Ask yourself: Which parts of the body seem to be holding back from the breath? Which ones are deprived of the breath? Allow them in on the breathing process so that nothing is held back. You’re totally surrounded by the breath. It’s on all sides and it’s constantly flowing. We like to put little borders around it, saying that this is where the in-breath begins and that’s where the out-breath begins, and this is how far the breath energy goes. But the breath by its nature is not anything you can fence in like that. There’s breath energy that’s constantly flowing in one particular direction—it might be up, might be down. There’s breath energy that spins around in place in different parts of the body. There’s the in-and-out breath. Lots of different kinds of energy, and they all mingle together. If we try to place a fence around the breath, what we do is we end up depriving different parts of the body of the energy that they need.

So allow yourself to be totally immersed in the breath. This is why the Buddha when he was talking about mindfulness of the body, didn’t say just kayasati, which would be mindfulness of the body. It’s kayagatasati, mindfulness immersed in the body, totally surrounded by the body, totally permeating the body. Whatever thinking you’re doing, you’re evaluating, thinking about the breath, ways of making it more comfortable, more energizing, whatever’s needed right now.

In the beginning, it may be awkward, but as you get a better and better feel for the breath, a better and better feel for what’s meant by breath energy in the different parts of the body, you find you can breathe in and out of your eyes, your ears, in the middle of the forehead, down from the top of the head.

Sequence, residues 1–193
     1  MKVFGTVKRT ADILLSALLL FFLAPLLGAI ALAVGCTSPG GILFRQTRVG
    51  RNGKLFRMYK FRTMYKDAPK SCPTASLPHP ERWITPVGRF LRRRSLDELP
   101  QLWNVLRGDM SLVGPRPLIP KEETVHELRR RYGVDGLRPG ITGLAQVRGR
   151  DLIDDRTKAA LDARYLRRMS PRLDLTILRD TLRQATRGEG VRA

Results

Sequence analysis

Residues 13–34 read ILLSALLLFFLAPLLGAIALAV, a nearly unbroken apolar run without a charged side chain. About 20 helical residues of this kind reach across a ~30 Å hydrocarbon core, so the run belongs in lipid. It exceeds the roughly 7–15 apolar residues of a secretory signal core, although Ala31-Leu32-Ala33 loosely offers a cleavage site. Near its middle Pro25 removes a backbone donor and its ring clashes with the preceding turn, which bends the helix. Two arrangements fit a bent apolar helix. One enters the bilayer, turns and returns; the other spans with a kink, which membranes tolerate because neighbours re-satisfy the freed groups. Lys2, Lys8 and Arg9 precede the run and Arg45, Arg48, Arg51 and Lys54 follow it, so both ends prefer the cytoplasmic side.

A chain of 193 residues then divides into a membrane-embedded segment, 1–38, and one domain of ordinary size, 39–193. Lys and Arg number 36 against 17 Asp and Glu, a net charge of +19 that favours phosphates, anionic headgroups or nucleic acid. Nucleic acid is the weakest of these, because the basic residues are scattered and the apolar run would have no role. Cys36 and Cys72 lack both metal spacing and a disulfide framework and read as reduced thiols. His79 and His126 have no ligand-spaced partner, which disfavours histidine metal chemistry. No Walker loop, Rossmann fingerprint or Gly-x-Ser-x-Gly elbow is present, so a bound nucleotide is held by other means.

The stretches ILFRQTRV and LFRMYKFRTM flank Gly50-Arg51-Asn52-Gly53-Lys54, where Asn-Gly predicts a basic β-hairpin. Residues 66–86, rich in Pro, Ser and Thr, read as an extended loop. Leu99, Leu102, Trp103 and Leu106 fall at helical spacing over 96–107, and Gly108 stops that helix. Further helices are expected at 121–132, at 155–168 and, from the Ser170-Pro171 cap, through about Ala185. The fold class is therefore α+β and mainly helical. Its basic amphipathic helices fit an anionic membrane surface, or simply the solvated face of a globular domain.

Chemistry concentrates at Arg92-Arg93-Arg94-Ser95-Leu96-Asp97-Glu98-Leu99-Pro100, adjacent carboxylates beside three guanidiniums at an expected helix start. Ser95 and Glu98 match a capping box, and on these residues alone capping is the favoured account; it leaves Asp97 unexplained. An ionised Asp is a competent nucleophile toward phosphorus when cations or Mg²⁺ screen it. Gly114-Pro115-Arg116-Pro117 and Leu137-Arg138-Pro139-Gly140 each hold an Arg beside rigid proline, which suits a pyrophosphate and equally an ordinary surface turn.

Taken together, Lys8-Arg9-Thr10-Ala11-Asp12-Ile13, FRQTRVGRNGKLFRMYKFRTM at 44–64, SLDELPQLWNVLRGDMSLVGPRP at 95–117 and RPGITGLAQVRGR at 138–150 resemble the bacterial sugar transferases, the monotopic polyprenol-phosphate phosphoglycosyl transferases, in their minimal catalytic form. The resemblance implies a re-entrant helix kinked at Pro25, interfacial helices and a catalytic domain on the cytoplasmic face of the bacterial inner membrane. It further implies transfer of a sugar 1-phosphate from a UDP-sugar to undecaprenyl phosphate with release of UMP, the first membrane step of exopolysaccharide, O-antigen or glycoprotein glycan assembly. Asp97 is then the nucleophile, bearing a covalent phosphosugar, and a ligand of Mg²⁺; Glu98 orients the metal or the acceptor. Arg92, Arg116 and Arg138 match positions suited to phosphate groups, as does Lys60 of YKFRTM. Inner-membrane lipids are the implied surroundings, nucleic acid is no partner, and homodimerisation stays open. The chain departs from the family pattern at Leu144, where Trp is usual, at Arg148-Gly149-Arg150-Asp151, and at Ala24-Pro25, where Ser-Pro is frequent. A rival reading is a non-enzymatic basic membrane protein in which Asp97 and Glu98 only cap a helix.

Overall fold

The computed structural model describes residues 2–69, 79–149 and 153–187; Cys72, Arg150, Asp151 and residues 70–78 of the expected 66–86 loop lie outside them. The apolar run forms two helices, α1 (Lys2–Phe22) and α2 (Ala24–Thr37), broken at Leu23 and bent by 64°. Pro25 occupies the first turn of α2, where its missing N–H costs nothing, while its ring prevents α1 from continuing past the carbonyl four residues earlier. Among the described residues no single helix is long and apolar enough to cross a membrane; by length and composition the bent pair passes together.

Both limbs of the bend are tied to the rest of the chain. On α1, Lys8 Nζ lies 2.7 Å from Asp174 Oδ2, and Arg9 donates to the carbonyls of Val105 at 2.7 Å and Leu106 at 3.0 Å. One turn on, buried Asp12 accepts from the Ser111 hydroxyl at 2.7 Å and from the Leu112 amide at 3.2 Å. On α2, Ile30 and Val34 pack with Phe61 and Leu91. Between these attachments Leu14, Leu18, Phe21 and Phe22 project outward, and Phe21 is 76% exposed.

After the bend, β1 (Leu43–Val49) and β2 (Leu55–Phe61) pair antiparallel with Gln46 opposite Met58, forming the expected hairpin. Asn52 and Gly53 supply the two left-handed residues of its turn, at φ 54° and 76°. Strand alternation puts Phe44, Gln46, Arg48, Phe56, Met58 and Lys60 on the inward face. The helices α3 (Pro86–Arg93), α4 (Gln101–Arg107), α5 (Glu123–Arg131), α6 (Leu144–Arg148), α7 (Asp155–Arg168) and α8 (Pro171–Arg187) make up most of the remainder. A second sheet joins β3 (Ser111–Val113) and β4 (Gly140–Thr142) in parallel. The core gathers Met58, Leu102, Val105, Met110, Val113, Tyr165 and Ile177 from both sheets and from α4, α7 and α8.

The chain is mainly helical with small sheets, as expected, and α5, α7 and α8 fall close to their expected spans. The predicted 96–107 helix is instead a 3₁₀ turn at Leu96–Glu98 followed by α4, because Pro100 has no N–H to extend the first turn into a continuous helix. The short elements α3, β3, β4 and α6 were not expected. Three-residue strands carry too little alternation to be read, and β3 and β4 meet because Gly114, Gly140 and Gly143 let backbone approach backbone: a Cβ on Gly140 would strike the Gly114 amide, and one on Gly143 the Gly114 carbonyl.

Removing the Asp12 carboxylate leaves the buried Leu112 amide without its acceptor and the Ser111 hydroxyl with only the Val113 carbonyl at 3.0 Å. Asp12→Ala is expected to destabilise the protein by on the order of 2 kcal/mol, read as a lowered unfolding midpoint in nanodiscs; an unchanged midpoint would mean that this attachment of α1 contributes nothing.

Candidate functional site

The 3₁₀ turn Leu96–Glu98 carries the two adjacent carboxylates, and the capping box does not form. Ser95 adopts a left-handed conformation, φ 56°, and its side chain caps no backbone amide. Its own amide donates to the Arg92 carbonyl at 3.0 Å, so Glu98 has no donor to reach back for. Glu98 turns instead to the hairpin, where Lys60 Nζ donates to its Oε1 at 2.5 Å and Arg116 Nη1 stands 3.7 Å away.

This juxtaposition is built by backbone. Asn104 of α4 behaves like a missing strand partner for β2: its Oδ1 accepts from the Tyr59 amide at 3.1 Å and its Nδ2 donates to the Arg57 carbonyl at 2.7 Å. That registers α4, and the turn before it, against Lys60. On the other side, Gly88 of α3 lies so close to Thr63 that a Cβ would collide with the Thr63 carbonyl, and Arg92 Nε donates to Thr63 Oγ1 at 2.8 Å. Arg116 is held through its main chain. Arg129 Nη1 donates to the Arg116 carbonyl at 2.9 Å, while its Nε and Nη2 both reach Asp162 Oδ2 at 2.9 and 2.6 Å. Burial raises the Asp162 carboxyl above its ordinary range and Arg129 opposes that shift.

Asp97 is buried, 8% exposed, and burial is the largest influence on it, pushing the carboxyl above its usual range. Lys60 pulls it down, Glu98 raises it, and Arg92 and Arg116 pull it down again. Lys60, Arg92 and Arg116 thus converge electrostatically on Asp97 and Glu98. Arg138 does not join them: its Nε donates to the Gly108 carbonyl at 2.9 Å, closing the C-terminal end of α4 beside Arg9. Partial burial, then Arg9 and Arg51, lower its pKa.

When I was sick with malaria in Thailand the last year before I came back, I found that my breathing was getting more and more laborious, because all those little malaria parasites were eating up the protein in my red blood cells. So the muscles that were doing most of the breathing work were getting more and more fatigued. I found all I had to do was just shift my perception of where the breath was coming in, where it was going out, and so different muscles got engaged. The process of breathing became a lot less laborious, a lot more energizing and nourishing.

That’s another way of dealing with the breath: Ask yourself, how do you perceive the process of breathing? What image do you hold in your mind? That influences which muscles are being used and which muscles are not being used. What happens if you change that image? There’s a lot to explore here. The more you get into the process of breathing, the more you start seeing the mind very clearly, especially as the breath grows more and more full, more and more still, more and more subtle.

Ajaan Lee’s image is of the vapor that rises off of ice cubes. The ice cube is still, but there’s just a little bit of the vapor-movement around the edges. Then even that stops. As you do this, you find that your perceptions of the breath get more vivid, and your awareness of what’s going on in the mind gets more and more vivid as well. This ticket out becomes more appealing. It’s not the little ragged piece of paper that it looked like in the beginning. There’s a sense of rapture that you can develop here, a sense of ease, a sense of inner stability, inner solidity. And this is still just the path.